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Hill-Sachs lesion

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A cortical depression on the posterolateral head of the humerus possibly due to compression of humeral head on the posterior lip of glenoid, suggesting a recurrent or chronic anterior shoulder dislocation that often results following an episode of dislocation associated with a Bankart lesion of the glenoid


A Hill-Sachs lesion is a lesion on the posterolateral head of the humerus. It appears as a cortical indentation or groove in the posterolateral head of the humerus. This lesion is named after two American radiologists, Harold Arthur Hill and Maurice David Sachs. Hill and Sachs published a report in 1940 where they presented 119 cases of shoulder dislocation resulting from direct compression of the humeral head. Hill-Sachs lesion is an anterior shoulder dislocation1 associated with seizures, falls, sports, assaults, pulling on the arm, and so on. It is commonly associated with Bankart lesions.2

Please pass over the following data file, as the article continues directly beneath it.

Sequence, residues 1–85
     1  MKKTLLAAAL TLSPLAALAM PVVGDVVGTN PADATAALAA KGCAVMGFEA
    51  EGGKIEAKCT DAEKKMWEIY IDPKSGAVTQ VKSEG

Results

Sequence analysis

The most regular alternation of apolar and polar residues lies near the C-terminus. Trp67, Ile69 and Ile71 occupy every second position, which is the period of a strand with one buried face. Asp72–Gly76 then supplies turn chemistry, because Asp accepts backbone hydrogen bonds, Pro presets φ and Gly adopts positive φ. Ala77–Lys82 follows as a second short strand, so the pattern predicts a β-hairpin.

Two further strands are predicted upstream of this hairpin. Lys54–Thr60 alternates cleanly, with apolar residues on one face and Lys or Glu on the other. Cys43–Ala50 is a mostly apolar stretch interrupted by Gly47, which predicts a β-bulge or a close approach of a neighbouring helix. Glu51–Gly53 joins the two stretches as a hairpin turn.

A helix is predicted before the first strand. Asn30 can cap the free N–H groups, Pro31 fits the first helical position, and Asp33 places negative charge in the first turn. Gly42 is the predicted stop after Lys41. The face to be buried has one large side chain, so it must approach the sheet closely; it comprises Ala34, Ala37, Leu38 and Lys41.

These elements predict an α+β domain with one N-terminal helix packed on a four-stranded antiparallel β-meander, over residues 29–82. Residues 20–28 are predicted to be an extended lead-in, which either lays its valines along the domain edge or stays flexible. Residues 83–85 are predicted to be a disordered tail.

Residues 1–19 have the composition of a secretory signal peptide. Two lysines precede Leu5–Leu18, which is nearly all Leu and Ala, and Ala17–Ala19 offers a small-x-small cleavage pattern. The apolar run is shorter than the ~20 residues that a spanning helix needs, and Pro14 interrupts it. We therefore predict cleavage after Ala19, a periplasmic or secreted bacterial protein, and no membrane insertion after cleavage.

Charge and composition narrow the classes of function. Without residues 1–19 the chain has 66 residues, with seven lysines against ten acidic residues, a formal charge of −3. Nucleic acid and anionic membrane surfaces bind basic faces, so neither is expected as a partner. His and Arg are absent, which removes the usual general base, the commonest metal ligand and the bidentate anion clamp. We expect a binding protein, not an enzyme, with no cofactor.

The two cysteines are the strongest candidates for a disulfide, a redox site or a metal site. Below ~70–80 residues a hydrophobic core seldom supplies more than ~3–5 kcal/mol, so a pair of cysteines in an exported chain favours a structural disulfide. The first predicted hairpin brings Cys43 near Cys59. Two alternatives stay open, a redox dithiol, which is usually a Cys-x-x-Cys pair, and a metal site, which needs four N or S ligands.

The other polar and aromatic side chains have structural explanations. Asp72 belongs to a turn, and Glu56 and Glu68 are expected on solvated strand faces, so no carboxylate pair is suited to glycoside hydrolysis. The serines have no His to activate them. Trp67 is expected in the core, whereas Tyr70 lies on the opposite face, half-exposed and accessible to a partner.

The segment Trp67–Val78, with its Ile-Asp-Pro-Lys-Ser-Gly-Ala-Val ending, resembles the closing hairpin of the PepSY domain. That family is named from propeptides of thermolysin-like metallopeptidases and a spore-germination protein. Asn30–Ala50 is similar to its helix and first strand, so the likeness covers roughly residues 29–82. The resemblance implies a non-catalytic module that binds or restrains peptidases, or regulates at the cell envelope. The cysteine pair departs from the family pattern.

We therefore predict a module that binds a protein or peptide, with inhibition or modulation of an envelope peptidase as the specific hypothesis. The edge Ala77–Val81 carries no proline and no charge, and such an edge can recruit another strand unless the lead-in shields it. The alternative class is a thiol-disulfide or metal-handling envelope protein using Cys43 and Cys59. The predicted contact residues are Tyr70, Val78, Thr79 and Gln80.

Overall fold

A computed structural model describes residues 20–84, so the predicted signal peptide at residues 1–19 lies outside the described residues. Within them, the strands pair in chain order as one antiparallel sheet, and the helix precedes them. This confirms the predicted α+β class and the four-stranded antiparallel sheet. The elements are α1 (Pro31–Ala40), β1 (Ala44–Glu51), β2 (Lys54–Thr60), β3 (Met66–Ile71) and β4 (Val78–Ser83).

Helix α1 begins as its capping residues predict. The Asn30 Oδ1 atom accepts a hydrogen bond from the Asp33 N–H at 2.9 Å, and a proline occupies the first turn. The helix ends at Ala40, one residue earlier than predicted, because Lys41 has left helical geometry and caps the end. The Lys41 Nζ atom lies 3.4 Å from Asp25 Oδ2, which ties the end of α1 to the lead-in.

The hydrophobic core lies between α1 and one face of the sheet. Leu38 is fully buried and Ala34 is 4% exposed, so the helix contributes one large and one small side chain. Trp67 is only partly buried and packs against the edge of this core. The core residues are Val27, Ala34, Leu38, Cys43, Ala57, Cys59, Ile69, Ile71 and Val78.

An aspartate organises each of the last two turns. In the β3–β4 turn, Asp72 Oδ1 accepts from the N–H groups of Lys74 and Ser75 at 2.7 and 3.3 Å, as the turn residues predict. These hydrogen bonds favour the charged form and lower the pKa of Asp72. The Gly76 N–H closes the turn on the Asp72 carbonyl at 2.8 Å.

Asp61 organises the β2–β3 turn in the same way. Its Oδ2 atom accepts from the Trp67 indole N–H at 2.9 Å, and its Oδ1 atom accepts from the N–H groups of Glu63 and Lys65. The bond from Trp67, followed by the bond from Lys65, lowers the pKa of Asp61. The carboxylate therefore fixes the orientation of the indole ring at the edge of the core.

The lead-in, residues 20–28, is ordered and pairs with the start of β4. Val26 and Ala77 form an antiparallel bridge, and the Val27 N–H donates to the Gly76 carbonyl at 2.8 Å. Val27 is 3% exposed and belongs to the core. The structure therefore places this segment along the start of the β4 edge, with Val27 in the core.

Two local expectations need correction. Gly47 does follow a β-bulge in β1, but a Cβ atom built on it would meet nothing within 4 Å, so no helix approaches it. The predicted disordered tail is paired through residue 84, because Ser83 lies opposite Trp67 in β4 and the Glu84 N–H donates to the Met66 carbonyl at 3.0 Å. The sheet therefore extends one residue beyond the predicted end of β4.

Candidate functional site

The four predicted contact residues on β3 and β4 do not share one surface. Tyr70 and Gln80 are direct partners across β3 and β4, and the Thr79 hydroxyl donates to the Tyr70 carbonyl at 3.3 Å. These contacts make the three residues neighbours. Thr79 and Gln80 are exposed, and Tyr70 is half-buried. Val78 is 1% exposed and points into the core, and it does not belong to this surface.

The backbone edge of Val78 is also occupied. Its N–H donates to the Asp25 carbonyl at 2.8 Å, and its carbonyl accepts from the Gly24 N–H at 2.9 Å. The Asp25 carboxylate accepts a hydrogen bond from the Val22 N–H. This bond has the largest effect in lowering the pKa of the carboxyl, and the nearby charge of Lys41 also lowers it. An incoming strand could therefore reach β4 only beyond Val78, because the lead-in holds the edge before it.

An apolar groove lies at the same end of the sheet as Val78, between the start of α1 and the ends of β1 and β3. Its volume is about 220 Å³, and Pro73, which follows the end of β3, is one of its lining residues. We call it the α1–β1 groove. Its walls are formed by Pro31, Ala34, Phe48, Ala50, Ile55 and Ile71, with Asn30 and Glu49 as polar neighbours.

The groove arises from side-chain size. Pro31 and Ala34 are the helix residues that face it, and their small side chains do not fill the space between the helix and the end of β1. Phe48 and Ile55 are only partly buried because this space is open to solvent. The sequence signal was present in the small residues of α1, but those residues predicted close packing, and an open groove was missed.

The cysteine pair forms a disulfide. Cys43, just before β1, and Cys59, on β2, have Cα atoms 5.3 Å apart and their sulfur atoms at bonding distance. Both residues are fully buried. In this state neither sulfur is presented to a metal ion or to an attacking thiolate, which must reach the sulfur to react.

• Hill-Sachs fracture

See also:

1 Calandra, Joseph (December 1989). "The incidence of Hill-Sachs lesions in initial anterior shoulder disloactions". The Journal of Arthroscopic & Related Surgery 5 (4): 254–257. doi:10.1016/0749-8063(89)90138-2.
2 Shetty, A. "Hill-Sachs lesion". Retrieved from